Roma populations across Europe face new and acute challenges. Longstanding material deprivation and social exclusion have been compounded by a steep rise in violent and often lethal attacks on Roma communities in EU member states.
What makes the current situation even more alarming is that this spike in extremism is occurring in parallel with continued efforts to elaborate a comprehensive and integrated approach to Roma inclusion. For example, the Decade of Roma Inclusion is approaching the midpoint of its mandate; the EU hosted the first ever European Roma Summit in September 2008; and an EU Integrated Platform on Roma Inclusion was launched in 2009, its priorities directly reflecting Decade goals.
To address the new challenges that face the Roma, a more community-based approach to resolving conflicts where they actually occur must complement the plethora of top-down, policy-oriented advocacy efforts. To learn more about effective methods of community organizing, six Roma activists from Bulgaria, Hungary, Kosovo, Serbia, and Romania visited the United States to learn about African-American communities and their struggle for civil rights. Despite differences in context and characteristics, many analogies have been drawn between the two communities, and the meetings provided valuable lessons for the Roma activists.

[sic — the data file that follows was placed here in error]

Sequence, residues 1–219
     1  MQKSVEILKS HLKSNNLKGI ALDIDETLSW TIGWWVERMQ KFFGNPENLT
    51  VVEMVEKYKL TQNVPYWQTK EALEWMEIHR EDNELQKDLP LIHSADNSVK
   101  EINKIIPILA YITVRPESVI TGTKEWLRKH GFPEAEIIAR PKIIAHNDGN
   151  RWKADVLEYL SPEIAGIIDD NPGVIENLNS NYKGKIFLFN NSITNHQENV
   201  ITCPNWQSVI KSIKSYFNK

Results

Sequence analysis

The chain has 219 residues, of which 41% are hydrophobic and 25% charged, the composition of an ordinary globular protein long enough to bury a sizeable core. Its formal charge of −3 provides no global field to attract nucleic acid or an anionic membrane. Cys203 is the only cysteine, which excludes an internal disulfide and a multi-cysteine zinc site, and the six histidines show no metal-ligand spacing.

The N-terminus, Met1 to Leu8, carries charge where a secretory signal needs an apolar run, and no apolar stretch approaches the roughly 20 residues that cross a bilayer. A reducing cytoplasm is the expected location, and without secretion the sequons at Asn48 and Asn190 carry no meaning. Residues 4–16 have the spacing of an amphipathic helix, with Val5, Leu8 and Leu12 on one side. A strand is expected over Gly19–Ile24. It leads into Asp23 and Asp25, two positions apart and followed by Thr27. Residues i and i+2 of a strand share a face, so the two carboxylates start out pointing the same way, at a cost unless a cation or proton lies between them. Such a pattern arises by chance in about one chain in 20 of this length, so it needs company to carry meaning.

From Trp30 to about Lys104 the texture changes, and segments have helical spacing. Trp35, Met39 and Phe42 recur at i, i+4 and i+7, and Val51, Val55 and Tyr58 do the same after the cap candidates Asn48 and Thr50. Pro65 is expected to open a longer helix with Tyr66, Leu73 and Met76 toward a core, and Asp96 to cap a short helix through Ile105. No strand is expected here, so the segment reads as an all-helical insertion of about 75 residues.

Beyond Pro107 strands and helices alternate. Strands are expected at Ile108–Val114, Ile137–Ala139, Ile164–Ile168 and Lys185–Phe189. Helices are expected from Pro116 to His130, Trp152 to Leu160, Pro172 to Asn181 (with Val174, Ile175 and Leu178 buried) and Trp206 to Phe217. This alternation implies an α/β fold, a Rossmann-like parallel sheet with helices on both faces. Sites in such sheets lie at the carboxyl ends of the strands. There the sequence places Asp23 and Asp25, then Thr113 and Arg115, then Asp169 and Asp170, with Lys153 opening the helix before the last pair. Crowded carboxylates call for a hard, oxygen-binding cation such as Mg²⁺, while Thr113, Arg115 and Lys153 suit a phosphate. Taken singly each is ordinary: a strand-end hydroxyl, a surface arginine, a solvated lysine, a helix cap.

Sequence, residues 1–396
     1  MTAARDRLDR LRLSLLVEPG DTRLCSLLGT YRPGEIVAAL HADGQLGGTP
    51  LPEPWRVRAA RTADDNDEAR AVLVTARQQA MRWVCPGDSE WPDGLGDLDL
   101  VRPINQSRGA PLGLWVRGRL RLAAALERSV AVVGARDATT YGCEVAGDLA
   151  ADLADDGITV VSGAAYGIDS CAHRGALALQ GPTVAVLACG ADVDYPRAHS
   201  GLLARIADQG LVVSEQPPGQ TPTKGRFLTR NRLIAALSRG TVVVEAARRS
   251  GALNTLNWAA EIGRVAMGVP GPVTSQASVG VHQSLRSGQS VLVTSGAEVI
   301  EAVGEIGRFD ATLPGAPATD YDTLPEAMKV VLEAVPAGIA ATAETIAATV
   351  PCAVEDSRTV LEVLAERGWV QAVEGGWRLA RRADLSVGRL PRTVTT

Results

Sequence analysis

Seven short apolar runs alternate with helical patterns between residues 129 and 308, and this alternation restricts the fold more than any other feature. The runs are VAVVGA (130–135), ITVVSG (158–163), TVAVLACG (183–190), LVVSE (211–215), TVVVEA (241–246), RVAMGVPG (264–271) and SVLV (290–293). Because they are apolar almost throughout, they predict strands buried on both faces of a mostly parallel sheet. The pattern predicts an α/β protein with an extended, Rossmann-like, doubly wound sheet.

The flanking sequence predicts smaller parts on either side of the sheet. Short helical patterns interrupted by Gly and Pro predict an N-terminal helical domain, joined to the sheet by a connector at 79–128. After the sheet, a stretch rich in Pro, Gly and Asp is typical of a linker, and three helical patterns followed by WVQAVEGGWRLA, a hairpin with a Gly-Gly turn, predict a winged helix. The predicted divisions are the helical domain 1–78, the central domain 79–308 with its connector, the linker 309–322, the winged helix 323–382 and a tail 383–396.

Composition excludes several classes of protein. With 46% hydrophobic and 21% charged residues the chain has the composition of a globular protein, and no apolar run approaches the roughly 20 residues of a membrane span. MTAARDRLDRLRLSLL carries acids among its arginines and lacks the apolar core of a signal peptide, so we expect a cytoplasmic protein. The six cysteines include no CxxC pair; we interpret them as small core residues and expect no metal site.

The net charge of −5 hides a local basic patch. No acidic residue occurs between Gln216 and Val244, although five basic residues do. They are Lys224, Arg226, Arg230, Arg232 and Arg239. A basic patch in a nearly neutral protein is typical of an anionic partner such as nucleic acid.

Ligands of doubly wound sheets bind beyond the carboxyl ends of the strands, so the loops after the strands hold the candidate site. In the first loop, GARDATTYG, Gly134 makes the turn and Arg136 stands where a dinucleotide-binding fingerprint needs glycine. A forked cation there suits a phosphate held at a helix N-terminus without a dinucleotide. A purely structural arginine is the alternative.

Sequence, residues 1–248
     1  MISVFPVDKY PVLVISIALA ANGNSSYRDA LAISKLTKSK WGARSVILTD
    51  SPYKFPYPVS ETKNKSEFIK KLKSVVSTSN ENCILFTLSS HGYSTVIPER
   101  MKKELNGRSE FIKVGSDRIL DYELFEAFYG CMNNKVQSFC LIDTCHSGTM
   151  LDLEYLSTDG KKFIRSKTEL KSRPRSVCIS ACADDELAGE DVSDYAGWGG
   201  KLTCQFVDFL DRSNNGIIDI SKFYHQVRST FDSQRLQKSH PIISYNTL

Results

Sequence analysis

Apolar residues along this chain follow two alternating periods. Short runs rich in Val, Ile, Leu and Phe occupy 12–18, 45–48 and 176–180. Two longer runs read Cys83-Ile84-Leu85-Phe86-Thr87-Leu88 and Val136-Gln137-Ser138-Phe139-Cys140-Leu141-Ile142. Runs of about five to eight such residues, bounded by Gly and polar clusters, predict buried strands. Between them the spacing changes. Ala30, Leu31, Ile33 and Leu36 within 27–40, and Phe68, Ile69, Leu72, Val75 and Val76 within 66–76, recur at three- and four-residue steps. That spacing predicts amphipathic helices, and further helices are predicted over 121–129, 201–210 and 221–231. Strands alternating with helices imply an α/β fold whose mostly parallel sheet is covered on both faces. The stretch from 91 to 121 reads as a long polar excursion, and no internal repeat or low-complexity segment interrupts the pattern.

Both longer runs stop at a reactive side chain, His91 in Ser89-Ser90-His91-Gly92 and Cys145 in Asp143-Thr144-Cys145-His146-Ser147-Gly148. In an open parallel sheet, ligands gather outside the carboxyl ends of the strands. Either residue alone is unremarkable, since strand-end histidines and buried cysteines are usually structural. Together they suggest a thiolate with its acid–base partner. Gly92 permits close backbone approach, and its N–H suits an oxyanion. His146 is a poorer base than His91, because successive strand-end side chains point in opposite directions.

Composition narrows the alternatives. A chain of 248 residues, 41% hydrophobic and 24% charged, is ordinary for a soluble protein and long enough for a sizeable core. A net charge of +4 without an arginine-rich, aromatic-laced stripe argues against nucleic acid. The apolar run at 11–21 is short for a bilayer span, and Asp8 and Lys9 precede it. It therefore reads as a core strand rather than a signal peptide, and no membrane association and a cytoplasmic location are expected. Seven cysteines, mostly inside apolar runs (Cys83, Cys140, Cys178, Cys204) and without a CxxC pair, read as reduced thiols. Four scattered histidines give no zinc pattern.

In one of the videos above, Zeljko Jovanovic, a senior policy officer at the Open Society Institute Roma Initiatives discusses the group’s visit.
Marian Daragiu, one of the founders of the Ruhama Foundation in Romania, also participated in the visit. In the video, he describes the work of the Ruhama Foundation in the field of educational and social inclusion for Roma children and their parents.